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Author Topic: Hatching issue (unable to straighten legs)  (Read 2666 times)
HumboldtHoney
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« on: April 02, 2013, 10:30:18 PM »

Hello, I'm new to the group and fairly new to Japanese Coturnix Quail. My problem once in a while is a chick that hatches (or needs help hatching) but it is never able to walk correctly. it's legs seem unable to hold it up or it seems unable to straighten its legs without help. This isn't happening very often, but when it does, it seems to happen to chicks that aren't hatched soon enough. Is this whats going on? Please help. Thanks!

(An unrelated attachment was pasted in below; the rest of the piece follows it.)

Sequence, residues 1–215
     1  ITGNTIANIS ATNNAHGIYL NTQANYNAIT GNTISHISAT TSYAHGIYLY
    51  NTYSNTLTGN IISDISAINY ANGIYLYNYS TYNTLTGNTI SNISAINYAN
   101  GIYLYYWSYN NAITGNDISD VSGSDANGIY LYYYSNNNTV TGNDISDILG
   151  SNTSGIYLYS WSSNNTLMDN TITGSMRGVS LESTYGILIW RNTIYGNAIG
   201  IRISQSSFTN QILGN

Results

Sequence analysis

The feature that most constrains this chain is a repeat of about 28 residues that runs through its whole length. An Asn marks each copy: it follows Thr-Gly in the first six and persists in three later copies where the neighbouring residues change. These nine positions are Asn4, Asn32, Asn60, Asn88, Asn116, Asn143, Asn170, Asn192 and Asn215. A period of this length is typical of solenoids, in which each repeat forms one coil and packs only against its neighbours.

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Little Bear Game Farm
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« Reply #1 on: April 03, 2013, 07:26:27 AM »

 s016 

Others on here will know more but I believe it could be a humidity issue.  Although sometimes I think they just were not as healthy as the other chicks that hatched as scheduled.  Also, I've done what you like to do and have helped chicks hatch.  I don't think any of them have ever survived.  If they weren't strong enough to hatch on their own, they haven't been strong enough to make it.  There are some things that people try by rubber banding their feet so they don't stay spraddle legged but it has never worked for me.  Good Luck!
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RedOakGamebirds
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« Reply #2 on: April 03, 2013, 09:43:35 AM »